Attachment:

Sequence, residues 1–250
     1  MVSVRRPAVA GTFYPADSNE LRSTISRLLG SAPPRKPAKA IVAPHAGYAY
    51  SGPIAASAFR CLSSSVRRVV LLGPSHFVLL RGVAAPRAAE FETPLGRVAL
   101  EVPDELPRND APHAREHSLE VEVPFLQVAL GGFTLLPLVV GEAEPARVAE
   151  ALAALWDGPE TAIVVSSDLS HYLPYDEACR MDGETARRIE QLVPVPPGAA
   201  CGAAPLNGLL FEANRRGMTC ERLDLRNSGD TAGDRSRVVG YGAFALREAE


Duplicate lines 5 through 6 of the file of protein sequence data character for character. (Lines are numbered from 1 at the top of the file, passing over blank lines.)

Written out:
   151  ALAALWDGPE TAIVVSSDLS HYLPYDEACR MDGETARRIE QLVPVPPGAA
   201  CGAAPLNGLL FEANRRGMTC ERLDLRNSGD TAGDRSRVVG YGAFALREAE